[meteorite-list] Moqui Marbles
From: Matt <Matt_at_meteoritecentral.com>
Date: Thu Apr 22 09:44:34 2004
I don't think that the Moqui marbles even merit a test for Ni or REEs. Well
you could do a Ni test, like you would on a meteorite. The REE test is
expensive and time-consuming. There is no evidence in the marbles to
----- Original Message -----
From: "David Freeman" <dfreeman_at_fascination.com>
To: "Robert Verish" <bolidechaser_at_yahoo.com>; "meteorite-list"
Sent: Thursday, March 01, 2001 8:52 AM
Subject: Re: [meteorite-list] Moqui Marbles
> Dear Robert and List;
> How about a test for nickel or rare earth's content on the marbles.
Would not that help distinguish terresterial/non teresterial origin?
> Our iron concreations up here in Wyoming seem to humorously immitate
human body parts quite frequently. I have a thumb, foot, and an amazingly
accurate stone heart in my collection of sandstone oddities of nature.
> Entry level rock collectors treasure their finds and sometimes have a hard
time understanding that it isn't a dinosaur body part...or a paleo indian
body part.... This situation seems to be just another cross to bear for
the learned mineral and meteorite collector.
> Best Rocks,
> Dave Freeman
> Robert Verish wrote:
> REF: http://www.rocksnstuff.com/specimens/moqui.htm
> Hello Matt,
> Last weekend I had a display case at the San Fernando
> Gem Fair in which I would show a meteorite, and then
> right beside it, a look-a-like meteor-wrong. One of
> these meteor-wrongs that I had displayed was a "Moqui
> Marble", which I had labeled as a "limonite/hematite
> concretion in sandstone". My explanation for how
> these stones were formed started a lively debate among
> the rockhounds in attendance at the show.
> What I would like to ask you is what do you know about
> the origins of these remarkably similar-shaped stones?
> I know Dave Freeman has a comment or two that he
> could make about these stones, but since you have been
> doing impact-related field work close to this area, I
> thought I would give you first crack at this topic.
> It just so happens that one of our own brethren
> [geologist] has muddied the waters, regarding the
> origins of these stones. ("My sediments exactly."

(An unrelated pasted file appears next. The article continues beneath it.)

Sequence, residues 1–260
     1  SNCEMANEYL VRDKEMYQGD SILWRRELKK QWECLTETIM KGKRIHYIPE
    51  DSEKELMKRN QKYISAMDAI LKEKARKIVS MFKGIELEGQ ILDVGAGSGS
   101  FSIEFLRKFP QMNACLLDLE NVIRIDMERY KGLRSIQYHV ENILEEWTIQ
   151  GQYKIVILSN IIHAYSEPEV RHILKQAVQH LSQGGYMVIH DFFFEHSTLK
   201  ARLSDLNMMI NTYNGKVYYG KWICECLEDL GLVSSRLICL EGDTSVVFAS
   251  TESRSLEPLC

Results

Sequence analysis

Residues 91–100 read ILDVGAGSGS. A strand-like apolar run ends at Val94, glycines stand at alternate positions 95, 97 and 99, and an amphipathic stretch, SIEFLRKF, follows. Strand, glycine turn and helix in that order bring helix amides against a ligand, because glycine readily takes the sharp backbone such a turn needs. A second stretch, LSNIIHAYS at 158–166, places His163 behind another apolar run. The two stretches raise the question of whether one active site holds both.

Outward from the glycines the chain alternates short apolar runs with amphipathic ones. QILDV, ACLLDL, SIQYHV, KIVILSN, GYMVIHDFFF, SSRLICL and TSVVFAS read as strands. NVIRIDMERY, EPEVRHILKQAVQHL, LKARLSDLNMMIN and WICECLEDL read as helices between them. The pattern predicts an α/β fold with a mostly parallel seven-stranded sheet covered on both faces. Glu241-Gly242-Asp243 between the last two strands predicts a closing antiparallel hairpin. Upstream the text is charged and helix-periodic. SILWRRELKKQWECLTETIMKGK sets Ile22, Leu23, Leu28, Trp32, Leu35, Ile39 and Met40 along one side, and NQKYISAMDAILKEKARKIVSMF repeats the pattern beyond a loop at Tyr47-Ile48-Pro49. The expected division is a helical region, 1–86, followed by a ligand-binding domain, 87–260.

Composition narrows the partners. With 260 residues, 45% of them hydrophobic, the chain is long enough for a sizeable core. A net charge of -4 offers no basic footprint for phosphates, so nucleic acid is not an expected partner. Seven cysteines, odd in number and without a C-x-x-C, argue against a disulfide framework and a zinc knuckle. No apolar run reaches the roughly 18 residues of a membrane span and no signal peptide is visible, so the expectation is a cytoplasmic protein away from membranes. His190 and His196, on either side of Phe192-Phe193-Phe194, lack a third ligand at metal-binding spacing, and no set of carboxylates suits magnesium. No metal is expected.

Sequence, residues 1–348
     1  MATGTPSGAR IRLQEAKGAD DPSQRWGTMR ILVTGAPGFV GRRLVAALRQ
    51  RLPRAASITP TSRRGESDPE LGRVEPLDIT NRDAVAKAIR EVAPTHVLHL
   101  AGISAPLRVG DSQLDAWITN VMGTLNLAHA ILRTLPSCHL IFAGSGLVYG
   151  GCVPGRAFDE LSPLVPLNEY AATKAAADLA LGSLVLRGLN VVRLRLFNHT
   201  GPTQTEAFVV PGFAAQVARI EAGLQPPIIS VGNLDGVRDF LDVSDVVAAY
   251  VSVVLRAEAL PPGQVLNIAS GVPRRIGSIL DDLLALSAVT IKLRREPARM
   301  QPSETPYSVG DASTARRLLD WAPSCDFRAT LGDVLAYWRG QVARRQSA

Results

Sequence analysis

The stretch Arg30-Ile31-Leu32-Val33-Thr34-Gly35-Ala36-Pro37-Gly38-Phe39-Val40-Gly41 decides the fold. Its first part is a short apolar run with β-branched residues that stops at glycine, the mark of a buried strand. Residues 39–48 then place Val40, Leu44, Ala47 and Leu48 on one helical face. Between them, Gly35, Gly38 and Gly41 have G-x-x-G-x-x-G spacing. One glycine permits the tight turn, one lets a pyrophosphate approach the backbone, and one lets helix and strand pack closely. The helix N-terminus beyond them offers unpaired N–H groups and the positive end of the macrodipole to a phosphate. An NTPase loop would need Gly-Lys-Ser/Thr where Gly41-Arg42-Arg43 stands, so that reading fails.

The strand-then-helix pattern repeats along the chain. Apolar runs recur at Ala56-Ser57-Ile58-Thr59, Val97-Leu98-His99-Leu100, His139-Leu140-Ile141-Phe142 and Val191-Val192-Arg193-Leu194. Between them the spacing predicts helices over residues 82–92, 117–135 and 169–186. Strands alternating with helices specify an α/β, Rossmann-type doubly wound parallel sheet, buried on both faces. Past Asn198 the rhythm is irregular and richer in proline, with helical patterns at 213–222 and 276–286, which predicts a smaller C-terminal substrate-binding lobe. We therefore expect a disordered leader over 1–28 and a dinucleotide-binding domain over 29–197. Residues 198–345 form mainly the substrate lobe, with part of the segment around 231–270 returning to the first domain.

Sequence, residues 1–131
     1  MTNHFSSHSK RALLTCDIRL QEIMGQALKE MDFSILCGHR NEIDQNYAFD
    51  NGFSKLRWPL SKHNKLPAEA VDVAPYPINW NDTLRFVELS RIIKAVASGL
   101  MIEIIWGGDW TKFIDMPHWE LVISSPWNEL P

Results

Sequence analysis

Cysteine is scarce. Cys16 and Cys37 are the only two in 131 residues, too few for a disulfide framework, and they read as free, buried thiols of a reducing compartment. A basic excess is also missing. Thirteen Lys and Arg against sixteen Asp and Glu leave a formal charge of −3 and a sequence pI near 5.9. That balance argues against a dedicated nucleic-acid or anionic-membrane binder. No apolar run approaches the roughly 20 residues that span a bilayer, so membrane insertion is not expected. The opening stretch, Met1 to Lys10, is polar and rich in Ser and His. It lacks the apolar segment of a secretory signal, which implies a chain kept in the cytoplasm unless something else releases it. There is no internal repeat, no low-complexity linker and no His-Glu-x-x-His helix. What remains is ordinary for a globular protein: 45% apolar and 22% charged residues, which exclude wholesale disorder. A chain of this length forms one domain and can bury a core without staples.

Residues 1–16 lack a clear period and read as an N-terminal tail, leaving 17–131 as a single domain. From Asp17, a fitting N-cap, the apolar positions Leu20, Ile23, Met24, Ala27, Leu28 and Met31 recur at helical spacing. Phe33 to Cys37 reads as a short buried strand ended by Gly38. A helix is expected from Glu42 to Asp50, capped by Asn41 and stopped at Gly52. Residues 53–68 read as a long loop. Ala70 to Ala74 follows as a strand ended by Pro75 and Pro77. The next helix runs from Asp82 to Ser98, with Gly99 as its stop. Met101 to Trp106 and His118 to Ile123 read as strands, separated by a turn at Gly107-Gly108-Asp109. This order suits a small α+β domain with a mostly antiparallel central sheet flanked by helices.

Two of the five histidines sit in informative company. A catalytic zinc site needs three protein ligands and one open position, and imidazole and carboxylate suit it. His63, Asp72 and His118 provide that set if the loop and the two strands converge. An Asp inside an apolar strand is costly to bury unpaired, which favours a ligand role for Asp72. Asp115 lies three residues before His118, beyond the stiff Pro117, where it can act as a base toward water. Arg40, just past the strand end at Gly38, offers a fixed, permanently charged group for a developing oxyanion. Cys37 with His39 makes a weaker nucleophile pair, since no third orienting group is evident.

> said another geologist friend of mine.;-)
> Here is what he had to say regarding these stones, at
> this URL:
> "This material was formed in an impact site 12 miles
> east of Escalante UT in an area known as 'Big Spencer
> Flat'. The 'marbles' are composed of millions of
> molten spheres condensing on sand grains that bumped
> into and joined with other grains to form small
> spheres that joined with others to become even larger,
> with the hematite/silica coating always moving to the
> outside, but leaving a thin coat on most sand grains
> "Some larger spheres cooled below the melting point
> during this process, so all steps of it can be seen.
> Some 'marbles' landed in sand, others in limestone,
> some have joined in almost every way imaginable. Most
> of the crater has eroded away, but the remnants of
> dikes created in the impact are still visible.
> "The principle collecting area is in the new Escalante
> Monument, but material was deposited on top of eroded
> Navajo Sandstone as far as Lake Powell. I have yet to
> determine if reports from Scofield Reservoir could be
> the same formation, or a different impact. I am sure
> the same process has produced 'Indian Paint Pots' in
> sandstones from many time frames all around the world,
> and are much like 'tektites.'"
> The above quote is from Dave Cosby, a geologist who
> has been doing some research on the Utah area where
> Moqui Marbles are found. Dave believes that the
> uniformly shaped stones were the result of a meteorite
> impact in that area.
> While we're on this subject, here is a "heads-up" for
> the members of our eBay "Wrong Squad" - at these URLs:
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Received on Thu 01 Mar 2001 10:58:42 AM PST